We do not feel like we are in it together when faculty are blamed for increased costs when a look at spending on non-auxiliary capital expenditures shows that at most of our universities there has been an increase in proportional use of E&G money — money that is used for instruction, spent on these non-auxiliary capital expenditures. There is a clear mythology to the notion that there is a separate capital budget. The fact that our association was ignored when we pointed out the risks associated with the type of borrowing that was done, and that this board approved with nary a question asked, does not make us feel like we are on the same page.
We do not feel like we are all in it together when amid the years of an 18 percent cut and the following years of zero increases we felt like lonely voices speaking up about the long-term damage that was being done to public higher education. When we feel alone walking the halls of the legislature speaking up for our institutions.
We do not feel like we are all in it together when we are consistently told that we need to sacrifice when it is our faculty and coaches who have to pick up the pieces when there are fewer people around to serve students because of cuts and attrition, when we are the ones who have to make up for the cuts to student support with additional individualized student attention, when we are the ones coping with larger class sizes while maintaining rigor, when we are the ones who have seen our department budgets slashed, all while we are the ones who actually deliver the quality education that you all so consistently speak about.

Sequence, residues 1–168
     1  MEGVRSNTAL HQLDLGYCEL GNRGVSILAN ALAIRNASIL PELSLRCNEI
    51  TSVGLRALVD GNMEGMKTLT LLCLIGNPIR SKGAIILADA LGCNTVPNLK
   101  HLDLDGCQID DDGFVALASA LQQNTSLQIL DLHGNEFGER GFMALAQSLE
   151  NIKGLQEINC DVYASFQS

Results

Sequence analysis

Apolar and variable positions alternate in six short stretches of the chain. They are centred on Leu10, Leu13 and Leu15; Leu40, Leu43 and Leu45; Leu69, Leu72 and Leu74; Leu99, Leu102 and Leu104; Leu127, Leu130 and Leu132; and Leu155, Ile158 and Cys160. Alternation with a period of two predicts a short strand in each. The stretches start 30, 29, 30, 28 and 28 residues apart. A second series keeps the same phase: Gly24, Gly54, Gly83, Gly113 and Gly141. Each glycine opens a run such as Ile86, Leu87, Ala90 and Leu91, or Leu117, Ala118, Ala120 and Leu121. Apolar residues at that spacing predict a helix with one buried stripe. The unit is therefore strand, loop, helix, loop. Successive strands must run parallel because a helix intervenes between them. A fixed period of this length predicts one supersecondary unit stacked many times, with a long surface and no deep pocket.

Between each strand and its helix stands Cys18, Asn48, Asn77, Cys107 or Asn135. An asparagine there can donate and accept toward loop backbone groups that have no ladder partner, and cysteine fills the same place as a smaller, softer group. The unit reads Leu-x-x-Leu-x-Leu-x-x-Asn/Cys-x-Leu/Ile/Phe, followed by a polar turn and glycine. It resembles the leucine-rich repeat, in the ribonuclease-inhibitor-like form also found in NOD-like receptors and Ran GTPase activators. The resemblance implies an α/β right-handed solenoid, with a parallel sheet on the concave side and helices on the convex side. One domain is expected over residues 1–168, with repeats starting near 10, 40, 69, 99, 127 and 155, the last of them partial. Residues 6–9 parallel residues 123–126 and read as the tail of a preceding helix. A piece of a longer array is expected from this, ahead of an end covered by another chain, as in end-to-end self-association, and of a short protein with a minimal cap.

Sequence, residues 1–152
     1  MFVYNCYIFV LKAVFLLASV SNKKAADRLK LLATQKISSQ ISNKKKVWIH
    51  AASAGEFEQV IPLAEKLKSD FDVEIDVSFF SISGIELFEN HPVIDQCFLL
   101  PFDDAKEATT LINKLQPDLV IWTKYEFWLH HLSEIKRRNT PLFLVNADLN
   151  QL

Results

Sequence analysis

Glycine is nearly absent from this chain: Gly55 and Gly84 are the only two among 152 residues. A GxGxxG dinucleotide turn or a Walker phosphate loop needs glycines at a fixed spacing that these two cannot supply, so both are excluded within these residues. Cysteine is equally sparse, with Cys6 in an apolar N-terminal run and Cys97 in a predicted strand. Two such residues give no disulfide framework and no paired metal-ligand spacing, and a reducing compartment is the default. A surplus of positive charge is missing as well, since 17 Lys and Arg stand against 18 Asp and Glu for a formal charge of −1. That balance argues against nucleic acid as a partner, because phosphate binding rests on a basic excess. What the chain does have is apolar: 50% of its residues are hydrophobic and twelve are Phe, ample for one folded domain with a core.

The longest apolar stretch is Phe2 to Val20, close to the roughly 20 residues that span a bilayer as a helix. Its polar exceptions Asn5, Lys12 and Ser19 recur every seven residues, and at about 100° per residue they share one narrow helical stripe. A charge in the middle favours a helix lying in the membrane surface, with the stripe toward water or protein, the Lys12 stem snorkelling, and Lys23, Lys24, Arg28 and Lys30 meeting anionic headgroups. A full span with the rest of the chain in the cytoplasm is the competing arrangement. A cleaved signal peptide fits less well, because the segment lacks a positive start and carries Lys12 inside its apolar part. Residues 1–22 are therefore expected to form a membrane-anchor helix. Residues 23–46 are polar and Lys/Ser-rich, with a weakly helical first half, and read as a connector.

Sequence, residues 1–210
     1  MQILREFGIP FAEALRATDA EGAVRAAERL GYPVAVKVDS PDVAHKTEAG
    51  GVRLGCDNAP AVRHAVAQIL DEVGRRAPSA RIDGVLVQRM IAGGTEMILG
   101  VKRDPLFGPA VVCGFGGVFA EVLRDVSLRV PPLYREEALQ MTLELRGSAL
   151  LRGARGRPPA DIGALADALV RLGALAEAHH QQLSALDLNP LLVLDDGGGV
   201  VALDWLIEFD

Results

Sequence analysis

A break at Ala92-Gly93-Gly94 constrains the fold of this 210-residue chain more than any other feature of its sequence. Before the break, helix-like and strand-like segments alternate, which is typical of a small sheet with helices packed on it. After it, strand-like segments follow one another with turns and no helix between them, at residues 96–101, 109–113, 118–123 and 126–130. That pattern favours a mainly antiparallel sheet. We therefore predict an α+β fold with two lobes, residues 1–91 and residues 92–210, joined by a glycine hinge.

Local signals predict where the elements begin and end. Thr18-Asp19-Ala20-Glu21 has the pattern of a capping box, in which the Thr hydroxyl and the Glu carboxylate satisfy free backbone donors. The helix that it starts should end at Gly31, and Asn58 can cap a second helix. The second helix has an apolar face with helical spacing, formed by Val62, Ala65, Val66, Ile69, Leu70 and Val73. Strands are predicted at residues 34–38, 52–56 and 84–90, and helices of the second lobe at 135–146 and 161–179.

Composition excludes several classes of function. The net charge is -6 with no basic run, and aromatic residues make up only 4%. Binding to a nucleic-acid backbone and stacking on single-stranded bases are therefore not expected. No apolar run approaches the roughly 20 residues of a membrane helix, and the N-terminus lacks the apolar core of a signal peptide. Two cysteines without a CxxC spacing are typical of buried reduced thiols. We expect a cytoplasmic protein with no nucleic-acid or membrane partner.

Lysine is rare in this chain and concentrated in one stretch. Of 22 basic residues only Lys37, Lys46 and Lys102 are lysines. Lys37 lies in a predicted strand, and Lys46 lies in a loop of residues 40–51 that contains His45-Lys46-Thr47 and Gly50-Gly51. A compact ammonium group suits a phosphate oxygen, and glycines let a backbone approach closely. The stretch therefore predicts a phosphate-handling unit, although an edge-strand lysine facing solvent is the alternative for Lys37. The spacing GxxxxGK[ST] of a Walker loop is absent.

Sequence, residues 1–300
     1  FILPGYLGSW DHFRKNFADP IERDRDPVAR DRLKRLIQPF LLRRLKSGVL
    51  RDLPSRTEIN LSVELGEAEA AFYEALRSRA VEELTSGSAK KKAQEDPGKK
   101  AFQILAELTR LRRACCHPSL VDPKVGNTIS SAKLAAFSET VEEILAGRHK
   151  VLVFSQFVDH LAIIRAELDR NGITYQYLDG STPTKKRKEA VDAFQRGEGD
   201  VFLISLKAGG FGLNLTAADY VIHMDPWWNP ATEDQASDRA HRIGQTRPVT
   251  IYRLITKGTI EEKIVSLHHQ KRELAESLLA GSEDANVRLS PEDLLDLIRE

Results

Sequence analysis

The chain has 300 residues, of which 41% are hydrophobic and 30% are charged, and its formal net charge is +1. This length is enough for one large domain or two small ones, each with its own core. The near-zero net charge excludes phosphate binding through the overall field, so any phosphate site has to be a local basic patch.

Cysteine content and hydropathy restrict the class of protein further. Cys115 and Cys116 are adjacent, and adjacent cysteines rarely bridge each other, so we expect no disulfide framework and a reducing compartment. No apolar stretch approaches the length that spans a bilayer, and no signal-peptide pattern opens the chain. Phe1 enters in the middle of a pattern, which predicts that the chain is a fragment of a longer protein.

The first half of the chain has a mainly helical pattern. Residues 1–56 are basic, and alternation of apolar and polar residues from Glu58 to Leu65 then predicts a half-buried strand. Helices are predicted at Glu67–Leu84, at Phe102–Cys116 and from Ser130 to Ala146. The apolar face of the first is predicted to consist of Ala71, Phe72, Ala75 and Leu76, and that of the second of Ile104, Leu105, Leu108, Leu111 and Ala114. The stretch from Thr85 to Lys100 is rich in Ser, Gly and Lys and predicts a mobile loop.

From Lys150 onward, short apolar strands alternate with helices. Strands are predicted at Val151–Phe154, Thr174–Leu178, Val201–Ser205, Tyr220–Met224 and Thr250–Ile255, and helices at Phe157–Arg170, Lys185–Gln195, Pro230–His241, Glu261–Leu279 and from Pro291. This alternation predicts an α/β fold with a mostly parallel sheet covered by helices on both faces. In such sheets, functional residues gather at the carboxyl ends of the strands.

We do not feel like we are all in it together as shared governance continually gives way to authoritarian-style decision-making that we repeatedly demonstrate is not undergirded by rationality.
We do not feel like we are all in it together when are still told about the rising costs of healthcare when we know that those costs have decreased.
We do not feel like we are in it together when faculty and coaches are unfairly and counterfactually attacked during a legislative hearing and the administration of this System does not correct the record and in some instances abets misunderstanding. Even worse, there was not a single mention about the need for a larger state allocation, only bragging about how we can do more with less by putting everything on the table.